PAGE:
School of Criminology, Simon Fraser University.
Special Issue Paper
Searching for the developmental origins of sexual violence: examining the co-occurrence of physical aggression and sexual behaviors in early childhood†
Article first published online: 25 JAN 2010
Copyright © 2010 John Wiley & Sons, Ltd.
Behavioral Sciences & the Law
Special Issue: Adolescent Sexual Offending II
Volume 28, Issue 1, pages 1–23, January/February 2010
How to Cite
Lussier, P. and Healey, J. (2010), Searching for the developmental origins of sexual violence: examining the co-occurrence of physical aggression and sexual behaviors in early childhood. Behav. Sci. Law, 28: 1–23. doi: 10.1002/bsl.919
The Vancouver Longitudinal Study (KD-BEAR project) was funded by the British Columbia Ministry of Health and the Ministry of Children and Family Development.
- Issue published online: 25 JAN 2010
- Article first published online: 25 JAN 2010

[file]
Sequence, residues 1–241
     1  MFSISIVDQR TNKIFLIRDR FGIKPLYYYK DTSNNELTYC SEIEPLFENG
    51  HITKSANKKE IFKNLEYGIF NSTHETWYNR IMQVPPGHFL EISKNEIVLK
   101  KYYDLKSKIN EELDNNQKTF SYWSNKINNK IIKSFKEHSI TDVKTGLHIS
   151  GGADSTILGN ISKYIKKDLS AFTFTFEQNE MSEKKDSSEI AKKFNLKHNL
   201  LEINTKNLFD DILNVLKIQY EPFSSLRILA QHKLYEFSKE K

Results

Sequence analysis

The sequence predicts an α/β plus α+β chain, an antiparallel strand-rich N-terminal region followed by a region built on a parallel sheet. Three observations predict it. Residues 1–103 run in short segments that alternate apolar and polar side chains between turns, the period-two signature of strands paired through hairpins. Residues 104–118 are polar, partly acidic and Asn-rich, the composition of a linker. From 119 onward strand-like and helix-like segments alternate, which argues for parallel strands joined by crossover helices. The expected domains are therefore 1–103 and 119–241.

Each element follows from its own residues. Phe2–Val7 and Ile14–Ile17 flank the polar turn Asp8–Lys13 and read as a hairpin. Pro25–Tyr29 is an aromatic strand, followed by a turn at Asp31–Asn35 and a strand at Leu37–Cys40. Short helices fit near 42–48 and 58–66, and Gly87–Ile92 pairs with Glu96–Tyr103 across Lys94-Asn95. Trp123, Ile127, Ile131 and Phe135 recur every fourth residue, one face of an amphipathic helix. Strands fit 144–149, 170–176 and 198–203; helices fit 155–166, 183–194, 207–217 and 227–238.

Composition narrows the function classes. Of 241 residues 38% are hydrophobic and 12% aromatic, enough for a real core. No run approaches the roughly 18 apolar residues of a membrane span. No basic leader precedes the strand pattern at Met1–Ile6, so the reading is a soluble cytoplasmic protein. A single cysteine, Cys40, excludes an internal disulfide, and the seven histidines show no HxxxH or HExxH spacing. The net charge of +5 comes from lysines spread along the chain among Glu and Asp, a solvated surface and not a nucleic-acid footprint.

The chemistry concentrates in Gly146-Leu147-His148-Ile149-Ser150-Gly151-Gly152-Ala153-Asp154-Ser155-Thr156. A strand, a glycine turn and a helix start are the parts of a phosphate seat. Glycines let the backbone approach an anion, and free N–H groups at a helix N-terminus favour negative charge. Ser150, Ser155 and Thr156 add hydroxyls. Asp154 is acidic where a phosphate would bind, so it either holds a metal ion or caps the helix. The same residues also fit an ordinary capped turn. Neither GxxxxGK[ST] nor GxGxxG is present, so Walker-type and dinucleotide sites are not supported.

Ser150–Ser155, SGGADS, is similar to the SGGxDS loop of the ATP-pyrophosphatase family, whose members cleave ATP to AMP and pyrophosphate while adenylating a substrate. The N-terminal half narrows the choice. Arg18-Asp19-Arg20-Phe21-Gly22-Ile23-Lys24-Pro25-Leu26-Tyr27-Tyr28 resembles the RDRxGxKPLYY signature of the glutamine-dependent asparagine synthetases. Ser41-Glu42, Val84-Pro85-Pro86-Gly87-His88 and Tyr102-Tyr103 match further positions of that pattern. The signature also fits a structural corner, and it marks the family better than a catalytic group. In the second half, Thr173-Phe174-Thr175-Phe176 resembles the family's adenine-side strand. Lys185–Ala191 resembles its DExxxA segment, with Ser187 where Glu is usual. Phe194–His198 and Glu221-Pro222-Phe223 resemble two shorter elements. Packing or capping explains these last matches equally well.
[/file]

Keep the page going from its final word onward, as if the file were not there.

While developmental perspectives on sexual violence have gained much interest in recent years, few empirical studies have been conducted to better understand its origins. This study attempts to fill this gap by examining the onset of physical aggression and normative sexual behaviors in preschoolers. This study is based on a sample of at-risk children (n = 100) recruited as part of the KD-BEAR project, an on-going longitudinal study conducted in Vancouver, British Columbia, Canada. Semi-structured interviews were completed with the primary caregiver and the child. The structural model examined showed a significant and important latent correlation between physical aggression and sexual behaviors across models tested, after controlling for child and familial characteristics. Furthermore, findings showed that male preschoolers coming from low income families having been referred for assessment and/or treatment for an externalizing spectrum disorder showed higher levels of both aggression and sexual behaviors. The implications of these findings are discussed in light of developmental models of sexual violence, and the secondary prevention of sexual violence at its earliest stages. Copyright © 2010 John Wiley & Sons, Ltd.